I just read on the Google talkabout blog that Google and eBay signed a contract to let Google Adsense ads contain Skype callto-links in the future. Meaning that you’ll be able to call advertisers directly via Skype whenever you see an “call-enabled” ad. A pretty nice feature.
Question with such a new contract is: who’s the one to pay? I say, it’s neither Google, nor Skype. Huh? Well, Google and Skype are bringing the customers closer to the suppliers while maintaining usage patterns the customers know from “the old world” (i.e. the pre-Internet world). At the same time, the supplier gets in direct contact with the customer and with some clever guys in the call center she may buy something that she hasn’t planned to buy before the call ;-).
Like always in those broker scenarios the supplier is the one who’ll be charged. And it will be much more than for a simple Adsense mouse click.
Now, what’s the revenue stream?
Assuming the supplier has a Skype call center (which she has to buy), I guess it contains some sort of reversed-charge call functionality (right?). So Skype directly gets its revenue whereas Google will use the same mechanisms as it uses for the mouse click ads (revenue stream: supplier directly to Google and Skype).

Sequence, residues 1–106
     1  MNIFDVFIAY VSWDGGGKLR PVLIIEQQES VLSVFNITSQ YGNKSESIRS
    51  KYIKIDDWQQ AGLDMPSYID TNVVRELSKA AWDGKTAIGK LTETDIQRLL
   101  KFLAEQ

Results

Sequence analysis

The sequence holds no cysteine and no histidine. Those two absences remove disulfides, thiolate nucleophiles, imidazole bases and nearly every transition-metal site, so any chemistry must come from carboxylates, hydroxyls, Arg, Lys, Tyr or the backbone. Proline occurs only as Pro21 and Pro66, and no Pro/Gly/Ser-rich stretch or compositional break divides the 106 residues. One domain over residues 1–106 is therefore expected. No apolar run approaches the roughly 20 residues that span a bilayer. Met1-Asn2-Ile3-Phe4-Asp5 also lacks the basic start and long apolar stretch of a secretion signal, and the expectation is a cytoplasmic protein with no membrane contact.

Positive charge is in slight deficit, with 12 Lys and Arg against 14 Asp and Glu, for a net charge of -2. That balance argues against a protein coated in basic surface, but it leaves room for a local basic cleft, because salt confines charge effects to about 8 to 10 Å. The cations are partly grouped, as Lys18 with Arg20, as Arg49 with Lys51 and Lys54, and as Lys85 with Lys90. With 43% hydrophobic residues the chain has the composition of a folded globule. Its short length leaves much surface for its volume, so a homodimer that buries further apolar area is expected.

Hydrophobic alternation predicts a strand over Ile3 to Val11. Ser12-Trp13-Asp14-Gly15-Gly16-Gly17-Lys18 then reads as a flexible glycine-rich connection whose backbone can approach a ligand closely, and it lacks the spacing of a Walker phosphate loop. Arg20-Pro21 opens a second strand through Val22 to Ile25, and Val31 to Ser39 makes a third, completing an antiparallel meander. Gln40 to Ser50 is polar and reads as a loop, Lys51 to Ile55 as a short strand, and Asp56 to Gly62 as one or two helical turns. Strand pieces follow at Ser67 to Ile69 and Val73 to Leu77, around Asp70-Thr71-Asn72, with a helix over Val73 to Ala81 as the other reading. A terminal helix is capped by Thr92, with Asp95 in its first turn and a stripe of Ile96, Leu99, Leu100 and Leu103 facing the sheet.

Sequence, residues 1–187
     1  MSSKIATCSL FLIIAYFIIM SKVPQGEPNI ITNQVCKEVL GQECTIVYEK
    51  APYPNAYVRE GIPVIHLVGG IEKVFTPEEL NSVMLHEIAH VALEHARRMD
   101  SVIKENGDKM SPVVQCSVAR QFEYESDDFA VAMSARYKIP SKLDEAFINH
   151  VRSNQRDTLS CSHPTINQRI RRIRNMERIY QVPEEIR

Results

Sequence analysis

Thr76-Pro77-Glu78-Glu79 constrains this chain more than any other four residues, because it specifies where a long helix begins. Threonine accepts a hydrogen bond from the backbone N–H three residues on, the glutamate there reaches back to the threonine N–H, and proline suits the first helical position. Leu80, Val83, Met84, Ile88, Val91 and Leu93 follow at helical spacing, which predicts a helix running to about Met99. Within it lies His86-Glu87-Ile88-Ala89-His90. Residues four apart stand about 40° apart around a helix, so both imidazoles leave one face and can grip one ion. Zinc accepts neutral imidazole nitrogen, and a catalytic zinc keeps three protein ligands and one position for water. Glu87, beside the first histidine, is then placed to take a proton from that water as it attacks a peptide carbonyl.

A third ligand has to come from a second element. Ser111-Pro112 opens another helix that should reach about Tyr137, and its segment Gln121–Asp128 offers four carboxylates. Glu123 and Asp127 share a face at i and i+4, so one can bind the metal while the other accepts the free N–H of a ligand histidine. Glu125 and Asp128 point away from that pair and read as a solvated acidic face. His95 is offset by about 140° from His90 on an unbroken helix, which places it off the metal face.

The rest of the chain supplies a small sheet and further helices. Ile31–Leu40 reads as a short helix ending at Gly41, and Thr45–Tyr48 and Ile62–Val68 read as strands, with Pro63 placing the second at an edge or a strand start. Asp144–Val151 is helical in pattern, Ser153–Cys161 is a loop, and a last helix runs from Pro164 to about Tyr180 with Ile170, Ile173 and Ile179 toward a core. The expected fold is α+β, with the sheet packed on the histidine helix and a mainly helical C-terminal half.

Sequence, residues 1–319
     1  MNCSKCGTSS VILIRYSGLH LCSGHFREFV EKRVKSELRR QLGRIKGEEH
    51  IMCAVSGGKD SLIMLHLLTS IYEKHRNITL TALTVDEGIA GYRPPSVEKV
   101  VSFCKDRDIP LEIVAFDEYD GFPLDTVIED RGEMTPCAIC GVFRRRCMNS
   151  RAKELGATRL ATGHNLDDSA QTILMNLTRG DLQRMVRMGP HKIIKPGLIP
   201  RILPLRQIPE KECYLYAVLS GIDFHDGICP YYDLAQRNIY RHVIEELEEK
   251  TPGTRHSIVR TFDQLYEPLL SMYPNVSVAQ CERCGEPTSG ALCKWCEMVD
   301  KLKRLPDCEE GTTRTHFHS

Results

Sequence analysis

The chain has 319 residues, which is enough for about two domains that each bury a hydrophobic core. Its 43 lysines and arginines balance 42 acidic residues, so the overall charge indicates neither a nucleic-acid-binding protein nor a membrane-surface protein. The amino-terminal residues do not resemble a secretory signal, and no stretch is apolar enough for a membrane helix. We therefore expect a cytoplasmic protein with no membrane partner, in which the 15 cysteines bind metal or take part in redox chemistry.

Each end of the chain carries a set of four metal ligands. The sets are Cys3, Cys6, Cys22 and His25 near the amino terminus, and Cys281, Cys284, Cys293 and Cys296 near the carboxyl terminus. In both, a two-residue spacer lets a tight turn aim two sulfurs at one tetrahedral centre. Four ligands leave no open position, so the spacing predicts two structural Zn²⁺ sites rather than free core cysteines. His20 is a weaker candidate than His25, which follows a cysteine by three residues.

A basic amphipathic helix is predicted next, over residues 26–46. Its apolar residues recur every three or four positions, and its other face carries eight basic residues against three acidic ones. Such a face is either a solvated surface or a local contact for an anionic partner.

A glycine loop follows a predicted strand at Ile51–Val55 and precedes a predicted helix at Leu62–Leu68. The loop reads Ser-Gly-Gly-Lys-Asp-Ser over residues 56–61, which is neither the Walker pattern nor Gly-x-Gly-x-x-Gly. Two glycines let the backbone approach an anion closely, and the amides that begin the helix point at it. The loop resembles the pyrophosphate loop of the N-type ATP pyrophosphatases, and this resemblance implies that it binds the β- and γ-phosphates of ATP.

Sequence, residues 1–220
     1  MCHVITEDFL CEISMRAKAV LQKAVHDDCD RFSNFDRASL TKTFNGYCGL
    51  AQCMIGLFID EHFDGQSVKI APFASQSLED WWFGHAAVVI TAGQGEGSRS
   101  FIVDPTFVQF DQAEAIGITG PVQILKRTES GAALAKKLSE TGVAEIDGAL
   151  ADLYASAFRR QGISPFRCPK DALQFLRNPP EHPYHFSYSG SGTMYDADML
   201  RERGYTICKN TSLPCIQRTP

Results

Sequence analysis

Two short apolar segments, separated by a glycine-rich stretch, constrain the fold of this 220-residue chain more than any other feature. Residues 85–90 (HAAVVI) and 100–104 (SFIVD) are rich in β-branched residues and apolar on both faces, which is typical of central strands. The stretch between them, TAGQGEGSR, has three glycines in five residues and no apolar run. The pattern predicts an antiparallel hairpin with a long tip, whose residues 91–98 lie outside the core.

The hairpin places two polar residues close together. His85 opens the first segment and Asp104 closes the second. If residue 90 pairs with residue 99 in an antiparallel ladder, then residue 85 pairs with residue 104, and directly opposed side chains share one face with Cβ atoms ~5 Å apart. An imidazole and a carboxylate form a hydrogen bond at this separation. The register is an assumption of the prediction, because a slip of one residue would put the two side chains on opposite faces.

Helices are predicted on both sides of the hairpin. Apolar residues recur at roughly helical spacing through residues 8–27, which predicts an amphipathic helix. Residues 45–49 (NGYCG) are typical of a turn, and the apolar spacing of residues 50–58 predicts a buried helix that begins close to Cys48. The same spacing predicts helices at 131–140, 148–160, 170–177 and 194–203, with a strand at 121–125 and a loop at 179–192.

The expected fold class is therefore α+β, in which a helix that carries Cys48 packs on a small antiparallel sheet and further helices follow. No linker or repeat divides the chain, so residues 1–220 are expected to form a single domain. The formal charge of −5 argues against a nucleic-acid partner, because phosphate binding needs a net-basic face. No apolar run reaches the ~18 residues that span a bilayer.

If a supplier doesn’t have a Skype call center but just a regular phone line, Skype will use SkypeOut to perform that call which will cost Skype money. Hence, I guess the money Google “earned” from the click will be shared with Skype (revenue stream: supplier to Google to Skype).
I was wondering why it has take Google and Skype so long to perform that deal. Now that I thought a bit about it, its pretty clear: I guess the contract wasn’t that easy to set up ;-).
But at the end we’ve got a win-win situation for all (meaning the customer, the supplier, eBay and Google), which sounds extremely good to me. Well, I won’t be the one clicking on such a call ad, I guess, but I think loads of you will do ;-).[tags]skype, ebay, google, ads, adsense, contract, revenue stream[/tags]